Deep Cleaning Your Communications Plan

By: Molly Russin

Like so many of us, I’ve made Spring Cleaning one of my year-round hobbies during the pandemic. One thing I’ve learned—over and over—is that you can’t declutter by reorganizing; you must reduce. Take it from me and my Container Store obsession– no matter how many adorable baskets and clear plastic trays you cram your stuff into, you won’t reach nice-n-neat nirvana until you get rid of some of your stuff. And by “some,” I mean a lot.


Recently, I applied that philosophy to a client’s Communications Plan. Of course, it was comprehensive and well thought out;  it included multi-channel approaches and messages for every audience. But was it clear…concise…and most of all, impactful? We looked through as many metrics and KPIs as we could to judge the effectiveness of each initiative and quickly concluded that the time had come for a Communications Spring Cleaning.


“When we really delve into the reasons for why we can’t let something go, there are only two: an attachment to the past or a fear for the future.” — Marie Kondo


This is not a task for the feint of heart. Let’s keep in mind, though, that this has been a year of non-stop stress, multi-tasking, and remote around-the-clock work. Employees simply don’t have the bandwidth for a let’s-do-it-all Communications Plan. Perhaps, as Ms. Kondo suggests, you’re attached to the past. You really LOVE the monthly newsletter and your quarterly townhall is a can’t miss! But do folks on the receiving end feel the same way? Or, maybe you fear the future. You know the time has come to set up an Insta account, but you just don’t have the time or the energy to make it happen.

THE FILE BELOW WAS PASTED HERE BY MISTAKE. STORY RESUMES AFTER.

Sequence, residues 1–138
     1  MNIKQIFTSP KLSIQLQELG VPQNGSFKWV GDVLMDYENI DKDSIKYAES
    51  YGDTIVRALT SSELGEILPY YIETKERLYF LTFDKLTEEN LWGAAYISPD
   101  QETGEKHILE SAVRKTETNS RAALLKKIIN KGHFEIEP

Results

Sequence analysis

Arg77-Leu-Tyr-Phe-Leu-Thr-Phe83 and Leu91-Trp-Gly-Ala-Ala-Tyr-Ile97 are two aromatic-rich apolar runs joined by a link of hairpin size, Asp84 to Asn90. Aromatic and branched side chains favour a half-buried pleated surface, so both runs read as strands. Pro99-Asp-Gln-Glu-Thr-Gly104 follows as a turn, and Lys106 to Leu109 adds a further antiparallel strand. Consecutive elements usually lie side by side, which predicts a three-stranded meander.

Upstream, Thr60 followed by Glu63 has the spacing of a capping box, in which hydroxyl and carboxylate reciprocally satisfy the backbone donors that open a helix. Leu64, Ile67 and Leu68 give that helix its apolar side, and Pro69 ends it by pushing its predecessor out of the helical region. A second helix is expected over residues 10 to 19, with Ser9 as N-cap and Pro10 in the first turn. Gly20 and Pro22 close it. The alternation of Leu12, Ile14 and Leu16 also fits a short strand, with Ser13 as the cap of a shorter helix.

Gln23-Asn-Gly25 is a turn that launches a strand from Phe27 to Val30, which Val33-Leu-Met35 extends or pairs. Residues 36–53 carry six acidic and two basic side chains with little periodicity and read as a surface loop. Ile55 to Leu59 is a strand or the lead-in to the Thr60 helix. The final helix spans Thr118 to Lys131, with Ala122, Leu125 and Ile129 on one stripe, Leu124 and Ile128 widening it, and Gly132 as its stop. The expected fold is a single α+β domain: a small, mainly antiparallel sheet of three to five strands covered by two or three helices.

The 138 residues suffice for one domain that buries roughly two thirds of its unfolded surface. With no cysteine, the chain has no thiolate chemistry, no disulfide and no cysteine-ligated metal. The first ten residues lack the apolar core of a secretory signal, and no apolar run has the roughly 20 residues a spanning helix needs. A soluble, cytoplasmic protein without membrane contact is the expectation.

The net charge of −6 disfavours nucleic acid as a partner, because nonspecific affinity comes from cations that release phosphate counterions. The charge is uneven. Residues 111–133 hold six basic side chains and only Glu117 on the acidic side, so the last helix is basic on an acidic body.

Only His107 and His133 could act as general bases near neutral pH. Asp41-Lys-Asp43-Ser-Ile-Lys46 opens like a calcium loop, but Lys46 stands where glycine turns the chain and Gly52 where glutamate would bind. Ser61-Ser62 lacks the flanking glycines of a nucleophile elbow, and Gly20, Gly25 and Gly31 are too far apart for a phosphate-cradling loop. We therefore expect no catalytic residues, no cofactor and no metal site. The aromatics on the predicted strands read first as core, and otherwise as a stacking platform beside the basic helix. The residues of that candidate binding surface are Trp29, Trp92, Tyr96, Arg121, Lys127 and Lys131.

The truth is, this isn’t easy work but it’s critical to making your communications as streamlined and effective as possible—something that is proven to increase Employee Engagement. If this is something you’d like to explore, the team at KDH Consulting would love to help. Make this the year that each one of your communication tactics “sparks joy” in your employees–and in you.